The Illawarra Shoalhaven Regional Plan sets the strategic framework for the region, aiming to protect and enhance the region’s assets and plan for a sustainable future.
It is a 20-year land use plan prepared in accordance with section 3.3 of the Environmental Planning and Assessment Act 1979 and applies to the local government areas of Wollongong, Shellharbour, Kiama and Shoalhaven.
It will inform councils’ land use planning, inform the work of infrastructure agencies to plan for growth and change, and inform the private sector and the wider community of the NSW Government’s approach to creating a connected, sustainable, innovative and vibrant Illawarra Shoalhaven.
The Regional Plan represents the third iteration of strategic planning in the Illawarra Shoalhaven, which began with the Illawarra Regional Strategy and South Coast Regional Strategy in 2007. During the preparation of this Regional Plan the region experienced drought, floods, an unprecedented bushfire season that impacted 80 per cent of Shoalhaven LGA and the COVID-19 pandemic. These events will have lasting impacts on the economy, infrastructure, social systems, the natural environment and the wellbeing of people and communities across NSW.
This Regional Plan considers these far-reaching historical moments alongside an evidence base that analyses population growth and change, the regional economy, housing and employment markets, where important environmental and resource areas are located, and natural hazards.
Resilience will be a critical component of the region’s future. Strategic planning will be necessary to identify vulnerable communities and opportunities to better anticipate or even avoid disruptive challenges.
The Regional Plan takes a landscape- based approach to regional planning that embraces and protects important environmental values and their contribution to economic growth, liveability and health. It leverages the region’s location and builds on the region’s strengths to provide smart, efficient and reliable connections that bring residents and visitors closer to jobs, centres, education and the natural environment.
The Regional Plan identifies 15 regionally significant precincts that will drive jobs creation, housing diversity, and vibrant communities. These places contain more than 2,300 hectares for employment, hubs for recreation, culture, housing and innovation, as well as almost 45,000 jobs, and growth areas that provide land for almost 38,000 new homes.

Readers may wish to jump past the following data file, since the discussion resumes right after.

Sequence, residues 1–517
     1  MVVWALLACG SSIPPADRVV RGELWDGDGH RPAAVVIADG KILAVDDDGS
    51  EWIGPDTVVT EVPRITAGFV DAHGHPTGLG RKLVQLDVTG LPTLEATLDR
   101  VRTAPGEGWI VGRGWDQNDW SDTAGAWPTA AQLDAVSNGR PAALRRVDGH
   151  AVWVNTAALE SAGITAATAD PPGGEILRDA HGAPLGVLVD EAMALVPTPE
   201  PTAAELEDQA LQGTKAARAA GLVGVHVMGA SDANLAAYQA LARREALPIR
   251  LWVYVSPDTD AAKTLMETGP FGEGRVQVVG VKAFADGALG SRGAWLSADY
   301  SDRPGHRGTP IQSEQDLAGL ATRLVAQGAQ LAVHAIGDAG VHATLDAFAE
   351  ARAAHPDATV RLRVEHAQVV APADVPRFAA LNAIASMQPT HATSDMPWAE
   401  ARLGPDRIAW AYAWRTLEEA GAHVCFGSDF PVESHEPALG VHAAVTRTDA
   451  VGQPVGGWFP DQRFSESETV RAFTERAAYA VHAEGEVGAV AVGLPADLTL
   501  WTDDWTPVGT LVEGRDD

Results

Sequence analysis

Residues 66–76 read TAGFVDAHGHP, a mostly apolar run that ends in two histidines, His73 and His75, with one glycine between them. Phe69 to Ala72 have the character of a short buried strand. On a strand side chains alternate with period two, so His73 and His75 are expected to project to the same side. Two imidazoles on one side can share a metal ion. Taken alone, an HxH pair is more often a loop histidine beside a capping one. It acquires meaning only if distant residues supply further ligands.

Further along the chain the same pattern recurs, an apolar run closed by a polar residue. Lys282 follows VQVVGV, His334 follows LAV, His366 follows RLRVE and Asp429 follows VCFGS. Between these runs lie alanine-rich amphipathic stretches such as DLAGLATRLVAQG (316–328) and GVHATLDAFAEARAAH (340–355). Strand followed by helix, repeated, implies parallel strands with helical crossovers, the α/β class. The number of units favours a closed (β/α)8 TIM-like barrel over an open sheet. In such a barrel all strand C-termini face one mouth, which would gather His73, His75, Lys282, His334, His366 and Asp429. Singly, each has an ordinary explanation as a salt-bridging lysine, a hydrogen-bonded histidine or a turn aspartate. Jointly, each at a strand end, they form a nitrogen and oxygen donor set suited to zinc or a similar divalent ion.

Collaboration has underpinned the process to review the Regional Plan and will also underpin a whole-of-government approach to strategic planning, streamline the planning process, and help to optimise opportunities for transformational change.
About the Illawarra Shoalhaven
The Illawarra Shoalhaven region is the land of the Wodi Wodi, Wandandian, Yuin and Murramarang Aboriginal people. The Illawarra, Nowra, Jerrinja, Ulladulla and Batemans Bay Local Aboriginal Land Councils own local land holdings and have responsibilities for Aboriginal people living in the area.
The region's natural setting is the backdrop to a mix of coastal, urban and rural lifestyles, enabling the ultimate work-life balance. This is a natural setting to be valued, respected and carefully managed. The region’s strength comes from its communities and public spaces, seen through people’s strong ties to natural and cultural environments. With the future of work changing, and as the region moves ahead following the COVID-19 pandemic, the region’s communities and public spaces will be even more essential, especially as people continue to work flexibly, are more active in their local area, and visit local shops and cafes more often.
The Illawarra Shoalhaven economy contributes to the NSW economy in sectors such as education, research and innovation, advanced manufacturing, health and aged care, defence, construction, retail, professional and financial services. The region contributed $23.9 billion to the State’s economy in 2019, an increase of $7.7 billion (47 per cent) from 2013.
The region is home to an international trade gateway at Port Kembla; a university with global reach in the University of Wollongong; a city of national significance in Metro Wollongong; regional cities in Nowra and Shellharbour that drive prosperity and liveability; a visitor economy worth $1.71 billion and a skilled workforce residents who travel Greater Sydney for work.